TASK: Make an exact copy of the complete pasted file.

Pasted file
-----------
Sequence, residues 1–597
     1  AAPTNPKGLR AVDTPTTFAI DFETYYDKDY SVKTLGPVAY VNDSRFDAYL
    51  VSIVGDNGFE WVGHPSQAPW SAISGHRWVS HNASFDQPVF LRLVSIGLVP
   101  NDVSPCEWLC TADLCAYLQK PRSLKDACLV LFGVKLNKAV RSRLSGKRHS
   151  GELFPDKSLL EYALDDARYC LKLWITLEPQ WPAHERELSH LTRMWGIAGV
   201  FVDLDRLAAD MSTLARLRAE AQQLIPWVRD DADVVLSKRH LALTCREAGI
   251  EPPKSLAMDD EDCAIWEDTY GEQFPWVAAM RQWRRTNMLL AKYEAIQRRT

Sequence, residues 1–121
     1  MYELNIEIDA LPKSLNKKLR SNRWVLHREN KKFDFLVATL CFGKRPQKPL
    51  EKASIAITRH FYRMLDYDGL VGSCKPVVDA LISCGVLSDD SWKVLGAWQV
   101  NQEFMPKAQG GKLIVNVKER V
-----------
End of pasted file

Sequence, residues 1–597
     1  AAPTNPKGLR AVDTPTTFAI DFETYYDKDY SVKTLGPVAY VNDSRFDAYL
    51  VSIVGDNGFE WVGHPSQAPW SAISGHRWVS HNASFDQPVF LRLVSIGLVP
   101  NDVSPCEWLC TADLCAYLQK PRSLKDACLV LFGVKLNKAV RSRLSGKRHS
   151  GELFPDKSLL EYALDDARYC LKLWITLEPQ WPAHERELSH LTRMWGIAGV
   201  FVDLDRLAAD MSTLARLRAE AQQLIPWVRD DADVVLSKRH LALTCREAGI
   251  EPPKSLAMDD EDCAIWEDTY GEQFPWVAAM RQWRRTNMLL AKYEAIQRRT

Sequence, residues 1–121
     1  MYELNIEIDA LPKSLNKKLR SNRWVLHREN KKFDFLVATL CFGKRPQKPL
    51  EKASIAITRH FYRMLDYDGL VGSCKPVVDA LISCGVLSDD SWKVLGAWQV
   101  NQEFMPKAQG GKLIVNVKER V